The vote on HSR funding: what will the Legislature be voting on and is it legal?

The legislature will be voting on an appropriation of bond funding for the high speed rail project either Thursday July 5 or on Friday.

Instead of including the monies in the general budget bill, the Legislature is using a “trailer bill” (the latest language is here). They have taken a completely unrelated bill, gutted the language and replaced it with a funding appropriation for high speed rail and various conditions on the expenditures.

The most significant thing to point out is that Prop 1A was $9 billion for high speed rail and a separate $950 million for “connectivity funds.” The language makes it clear that if ANY of the bond money for the Central Valley is not approved, then NONE of the connectivity money is available. So if the plan sinks, it takes everyone down with it.

Those of you who have been following the news probably know by now that there was a rumored Plan B floating around. (See Fresno Bee: ). The latest language seems to be BOTH Plan A and Plan B.

The rough breakdown is:

- $2.6 billion for the Central Valley (combined with $3.3 billion of federal funding)

- $0.8 billion of connectivity funds, sprinkled around the segments

- $1.1 billion of “bookends” funding

TOTAL: $4.5 billion Prop 1A + $3.3 federal = $7.8 billion.

Serious questions have been raised about whether or not the appropriations would be legal under the many requirements in the original bond measure. Two State Senators requested an opinion from the legislature’s lawyers.

CARRD has obtained a copy of the Legislative Counsel’s opinion that looks at the legality of the “blended system” and starting construction in the Central Valley.

Readers have described the 21 pages of convoluted language as “squishy”, which means that it does not come to any firm conclusions. Is it legal? It depends on the facts and on how key portions of the law are interpreted.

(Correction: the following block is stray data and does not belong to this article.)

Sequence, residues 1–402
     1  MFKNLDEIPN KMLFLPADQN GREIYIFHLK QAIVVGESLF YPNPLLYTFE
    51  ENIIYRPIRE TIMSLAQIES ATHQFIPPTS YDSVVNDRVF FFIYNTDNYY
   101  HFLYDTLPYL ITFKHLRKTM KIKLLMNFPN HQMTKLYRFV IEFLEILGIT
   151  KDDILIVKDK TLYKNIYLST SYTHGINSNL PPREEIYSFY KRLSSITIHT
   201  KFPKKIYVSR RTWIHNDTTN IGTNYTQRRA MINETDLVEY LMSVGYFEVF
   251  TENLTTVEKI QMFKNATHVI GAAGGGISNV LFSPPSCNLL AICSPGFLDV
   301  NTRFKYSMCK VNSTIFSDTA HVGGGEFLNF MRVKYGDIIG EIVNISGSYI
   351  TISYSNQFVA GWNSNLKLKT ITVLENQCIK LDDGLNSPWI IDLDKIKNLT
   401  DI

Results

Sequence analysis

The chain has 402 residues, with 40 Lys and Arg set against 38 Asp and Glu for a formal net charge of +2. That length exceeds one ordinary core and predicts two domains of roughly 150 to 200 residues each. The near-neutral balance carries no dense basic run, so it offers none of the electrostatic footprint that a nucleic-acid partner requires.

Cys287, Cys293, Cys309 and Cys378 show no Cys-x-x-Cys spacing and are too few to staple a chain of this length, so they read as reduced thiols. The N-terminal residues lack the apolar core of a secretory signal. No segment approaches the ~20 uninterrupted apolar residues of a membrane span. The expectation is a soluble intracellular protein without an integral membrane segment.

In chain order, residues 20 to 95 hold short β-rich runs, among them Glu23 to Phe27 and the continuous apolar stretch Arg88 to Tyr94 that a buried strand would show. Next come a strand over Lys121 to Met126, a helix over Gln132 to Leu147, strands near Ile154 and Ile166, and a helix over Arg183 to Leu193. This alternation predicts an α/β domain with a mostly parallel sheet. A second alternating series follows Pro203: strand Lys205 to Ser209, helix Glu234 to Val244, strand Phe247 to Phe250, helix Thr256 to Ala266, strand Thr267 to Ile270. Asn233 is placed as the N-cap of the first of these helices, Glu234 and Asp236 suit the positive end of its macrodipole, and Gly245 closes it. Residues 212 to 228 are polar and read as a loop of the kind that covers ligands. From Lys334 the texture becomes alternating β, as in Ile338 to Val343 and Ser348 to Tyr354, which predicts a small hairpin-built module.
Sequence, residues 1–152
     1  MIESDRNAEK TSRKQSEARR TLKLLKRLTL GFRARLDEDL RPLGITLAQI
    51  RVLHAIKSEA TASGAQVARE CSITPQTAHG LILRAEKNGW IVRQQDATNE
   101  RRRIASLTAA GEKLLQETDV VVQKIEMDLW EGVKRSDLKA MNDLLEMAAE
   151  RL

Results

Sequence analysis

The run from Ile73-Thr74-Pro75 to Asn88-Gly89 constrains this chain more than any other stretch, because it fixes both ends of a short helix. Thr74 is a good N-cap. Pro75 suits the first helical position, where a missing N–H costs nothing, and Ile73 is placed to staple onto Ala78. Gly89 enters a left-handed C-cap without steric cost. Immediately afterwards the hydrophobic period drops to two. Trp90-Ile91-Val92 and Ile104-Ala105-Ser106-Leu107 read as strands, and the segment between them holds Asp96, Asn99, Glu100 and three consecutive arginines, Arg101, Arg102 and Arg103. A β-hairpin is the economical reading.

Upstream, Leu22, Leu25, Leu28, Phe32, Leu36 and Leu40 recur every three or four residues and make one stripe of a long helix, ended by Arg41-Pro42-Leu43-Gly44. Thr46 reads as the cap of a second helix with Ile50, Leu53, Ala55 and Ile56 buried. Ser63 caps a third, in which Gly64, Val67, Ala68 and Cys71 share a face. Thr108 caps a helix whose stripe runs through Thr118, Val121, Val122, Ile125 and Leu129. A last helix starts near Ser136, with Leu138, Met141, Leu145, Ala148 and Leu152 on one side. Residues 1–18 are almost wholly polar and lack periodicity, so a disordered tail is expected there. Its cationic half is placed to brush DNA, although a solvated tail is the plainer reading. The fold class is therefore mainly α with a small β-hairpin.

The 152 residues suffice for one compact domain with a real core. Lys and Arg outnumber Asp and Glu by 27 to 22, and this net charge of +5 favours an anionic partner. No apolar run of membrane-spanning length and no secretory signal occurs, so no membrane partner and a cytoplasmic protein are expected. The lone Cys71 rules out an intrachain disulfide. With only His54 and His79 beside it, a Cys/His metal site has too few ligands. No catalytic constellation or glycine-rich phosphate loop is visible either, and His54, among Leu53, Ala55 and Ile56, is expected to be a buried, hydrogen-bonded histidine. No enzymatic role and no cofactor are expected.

Three important points:

1) The conclusions rely heavily on assertions of the facts by the Authority that the Legislative Counsel cautions it cannot verify.

CARRD raised the issue of the travel time requirements of Prop 1A and Leg Counsel touched upon this issue in their opinion (starting on pg 6). The Authority is claiming the blended system can meet the 2hr 40 min requirements (even thought the LTK study done by Caltrain conflicts with that analysis) and Leg Counsel took them at their word. If that turns out to be factually inaccurate and in fact would take longer, then the proposed plan would not meet the requirements of Prop 1A.

2) Many of the projects in the current Memorandum of Understanding (MOU) with Southern California probably don’t qualify for Prop 1A bond funding. Promises to legally allocate Prop 1A money to the region may be empty ones.

3) Prop 1A required a Funding plan which the Authority certified in November 2011, but Leg Counsel confirms CARRD’s analysis that their plan does not comply with the law because the environmental work was not completed.